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Biology 22 The Respiratory system

Terms in this set (40)

-Higher brain center: Through hypothalamic controls, an increased body temperature will cause an increase in respiratory rate. A student cold shock will have the opposite effect (if you fall through the ice into cold water, our breathing will stop) Strong emotions also affect breathing. You also have voluntary control of breathing, although these will be overridden if blood carbon dioxide levels reach levels that stimulate reflexive breathing.
-Chemical factors: Chemical control of breathing is mediated primarily via a feedback mechanism arising from stimulation of the central and peripheral chemoreceptors. (1) Central Chemoreceptors: These are located in the medulla and are primarily influenced by the pH of the cerebro spinal fluid (CSF), and interstitial fluid of the brainstem. CSF does not contain the protein hydrogen buffers found in blood, therefore and increase in partial pressure of carbon dioxide (PCO2) causes and increase in hydrogen ion concentration, The central chemoreceptors are then stimulated to increase the rate and depth of breathing to get rid of the carbon dioxide (CO2) thereby bringing the pH back towards normal. Should the opposite occur and the hydrogen ion concentration of the CSF is low the chemoreceptors send a message to decrease the rate and depth of respiration, thereby retaining CO2 and bringing the pH towards normal. Chemoreceptors do not respond to devreases in the partial pressure of oxygen (PO2)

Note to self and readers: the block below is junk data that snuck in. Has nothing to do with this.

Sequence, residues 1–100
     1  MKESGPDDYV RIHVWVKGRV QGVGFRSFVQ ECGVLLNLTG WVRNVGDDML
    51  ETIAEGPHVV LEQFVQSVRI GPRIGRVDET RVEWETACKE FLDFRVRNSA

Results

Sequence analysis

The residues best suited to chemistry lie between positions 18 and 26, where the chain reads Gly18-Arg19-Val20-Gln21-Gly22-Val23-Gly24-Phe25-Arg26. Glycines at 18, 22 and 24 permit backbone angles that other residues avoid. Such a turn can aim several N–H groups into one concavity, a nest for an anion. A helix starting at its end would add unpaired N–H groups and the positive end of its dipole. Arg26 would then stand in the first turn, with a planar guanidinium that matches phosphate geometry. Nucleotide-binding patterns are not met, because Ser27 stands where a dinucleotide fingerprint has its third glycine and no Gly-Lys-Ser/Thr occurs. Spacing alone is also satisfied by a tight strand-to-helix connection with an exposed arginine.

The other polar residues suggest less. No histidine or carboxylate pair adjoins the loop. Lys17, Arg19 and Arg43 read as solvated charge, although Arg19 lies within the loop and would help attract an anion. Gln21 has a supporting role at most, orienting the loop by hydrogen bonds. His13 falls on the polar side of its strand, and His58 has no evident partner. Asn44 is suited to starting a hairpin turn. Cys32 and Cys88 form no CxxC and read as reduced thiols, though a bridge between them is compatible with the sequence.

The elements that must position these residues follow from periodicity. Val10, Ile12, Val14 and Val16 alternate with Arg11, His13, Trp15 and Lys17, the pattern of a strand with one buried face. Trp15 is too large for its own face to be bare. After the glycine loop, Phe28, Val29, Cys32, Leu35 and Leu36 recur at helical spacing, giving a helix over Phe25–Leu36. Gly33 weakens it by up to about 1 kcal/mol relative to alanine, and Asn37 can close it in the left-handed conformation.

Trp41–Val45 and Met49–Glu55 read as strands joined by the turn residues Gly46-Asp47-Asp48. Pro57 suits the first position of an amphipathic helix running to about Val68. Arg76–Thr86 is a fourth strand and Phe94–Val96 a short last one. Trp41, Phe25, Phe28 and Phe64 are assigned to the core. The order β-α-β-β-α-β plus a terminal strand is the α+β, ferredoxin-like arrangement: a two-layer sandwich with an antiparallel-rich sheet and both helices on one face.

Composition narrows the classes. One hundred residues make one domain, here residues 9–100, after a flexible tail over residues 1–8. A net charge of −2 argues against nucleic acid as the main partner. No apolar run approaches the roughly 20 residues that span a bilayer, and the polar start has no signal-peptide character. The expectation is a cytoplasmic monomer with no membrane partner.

(2) Peripheral Chemoreceptors: Include the carotid and aortic bodies. They are primarily stimulated by an increased PCO2 or an increase in hydrogen ion concentration (pH), but are less sensitive to these changes than are the central chemoreceptors. The peripheral chemoreceptors are also sensitive to the PaO2 of blood. Hypoxaemia will lead to an increased rate and depth of breathing. With chronic hypoxaemia the stimulation of these receptors becomes depressed.